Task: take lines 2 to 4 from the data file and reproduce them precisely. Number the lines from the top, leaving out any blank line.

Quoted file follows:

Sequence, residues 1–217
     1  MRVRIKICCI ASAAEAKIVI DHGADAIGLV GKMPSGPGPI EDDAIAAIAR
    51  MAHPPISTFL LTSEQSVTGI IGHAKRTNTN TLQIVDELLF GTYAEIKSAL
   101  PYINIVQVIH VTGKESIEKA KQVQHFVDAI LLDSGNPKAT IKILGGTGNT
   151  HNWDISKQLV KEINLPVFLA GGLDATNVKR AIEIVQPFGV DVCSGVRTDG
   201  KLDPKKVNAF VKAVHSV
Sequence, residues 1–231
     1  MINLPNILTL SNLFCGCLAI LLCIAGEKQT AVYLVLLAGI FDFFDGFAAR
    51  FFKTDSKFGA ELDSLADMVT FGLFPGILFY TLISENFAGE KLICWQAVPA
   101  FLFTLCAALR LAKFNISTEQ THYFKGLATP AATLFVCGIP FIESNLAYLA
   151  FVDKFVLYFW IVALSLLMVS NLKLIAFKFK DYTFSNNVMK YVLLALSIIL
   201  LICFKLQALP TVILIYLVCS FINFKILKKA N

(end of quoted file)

     1  MRVRIKICCI ASAAEAKIVI DHGADAIGLV GKMPSGPGPI EDDAIAAIAR
    51  MAHPPISTFL LTSEQSVTGI IGHAKRTNTN TLQIVDELLF GTYAEIKSAL
   101  PYINIVQVIH VTGKESIEKA KQVQHFVDAI LLDSGNPKAT IKILGGTGNT